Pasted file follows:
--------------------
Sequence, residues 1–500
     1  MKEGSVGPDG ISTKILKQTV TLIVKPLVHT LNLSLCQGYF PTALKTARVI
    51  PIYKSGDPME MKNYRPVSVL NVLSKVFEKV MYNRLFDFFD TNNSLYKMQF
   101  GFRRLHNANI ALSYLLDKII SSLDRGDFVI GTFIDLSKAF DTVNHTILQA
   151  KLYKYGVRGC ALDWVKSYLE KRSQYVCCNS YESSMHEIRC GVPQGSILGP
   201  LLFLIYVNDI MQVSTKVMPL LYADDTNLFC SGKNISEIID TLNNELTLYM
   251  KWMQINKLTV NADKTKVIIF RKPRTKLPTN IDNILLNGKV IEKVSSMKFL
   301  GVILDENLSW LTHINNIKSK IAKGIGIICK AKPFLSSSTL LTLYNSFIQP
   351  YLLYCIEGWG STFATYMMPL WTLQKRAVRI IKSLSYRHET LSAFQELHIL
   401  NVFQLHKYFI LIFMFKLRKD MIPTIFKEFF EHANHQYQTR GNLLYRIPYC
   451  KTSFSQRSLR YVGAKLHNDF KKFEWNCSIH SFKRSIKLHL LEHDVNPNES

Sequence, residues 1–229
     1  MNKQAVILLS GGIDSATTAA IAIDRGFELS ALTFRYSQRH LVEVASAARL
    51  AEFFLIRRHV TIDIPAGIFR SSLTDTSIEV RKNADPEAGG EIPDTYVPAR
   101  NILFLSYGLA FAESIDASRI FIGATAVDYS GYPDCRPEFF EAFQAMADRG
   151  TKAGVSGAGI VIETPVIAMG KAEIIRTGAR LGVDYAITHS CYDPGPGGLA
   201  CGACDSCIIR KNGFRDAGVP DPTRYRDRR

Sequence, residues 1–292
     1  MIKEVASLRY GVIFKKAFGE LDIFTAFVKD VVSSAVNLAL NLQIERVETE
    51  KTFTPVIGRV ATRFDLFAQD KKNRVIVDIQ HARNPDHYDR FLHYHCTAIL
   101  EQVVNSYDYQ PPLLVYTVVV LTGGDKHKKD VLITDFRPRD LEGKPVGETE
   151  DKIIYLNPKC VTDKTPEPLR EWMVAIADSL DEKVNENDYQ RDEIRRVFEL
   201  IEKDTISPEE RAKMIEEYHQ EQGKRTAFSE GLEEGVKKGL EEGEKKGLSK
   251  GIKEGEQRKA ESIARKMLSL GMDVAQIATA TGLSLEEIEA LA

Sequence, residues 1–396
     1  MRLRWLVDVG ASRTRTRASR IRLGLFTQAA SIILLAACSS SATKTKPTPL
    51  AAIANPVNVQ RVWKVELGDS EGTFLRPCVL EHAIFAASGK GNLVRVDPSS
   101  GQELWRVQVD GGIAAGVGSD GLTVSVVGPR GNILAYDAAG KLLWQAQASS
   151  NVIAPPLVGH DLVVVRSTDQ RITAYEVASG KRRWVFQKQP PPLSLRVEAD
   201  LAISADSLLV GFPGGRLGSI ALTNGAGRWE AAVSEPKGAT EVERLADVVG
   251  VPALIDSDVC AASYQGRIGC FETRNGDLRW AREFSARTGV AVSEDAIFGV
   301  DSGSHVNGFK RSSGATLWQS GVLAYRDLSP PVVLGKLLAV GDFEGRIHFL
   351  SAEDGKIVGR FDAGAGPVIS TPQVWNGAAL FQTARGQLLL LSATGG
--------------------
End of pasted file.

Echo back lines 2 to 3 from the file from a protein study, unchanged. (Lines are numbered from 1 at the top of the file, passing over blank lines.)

     1  MKEGSVGPDG ISTKILKQTV TLIVKPLVHT LNLSLCQGYF PTALKTARVI
    51  PIYKSGDPME MKNYRPVSVL NVLSKVFEKV MYNRLFDFFD TNNSLYKMQF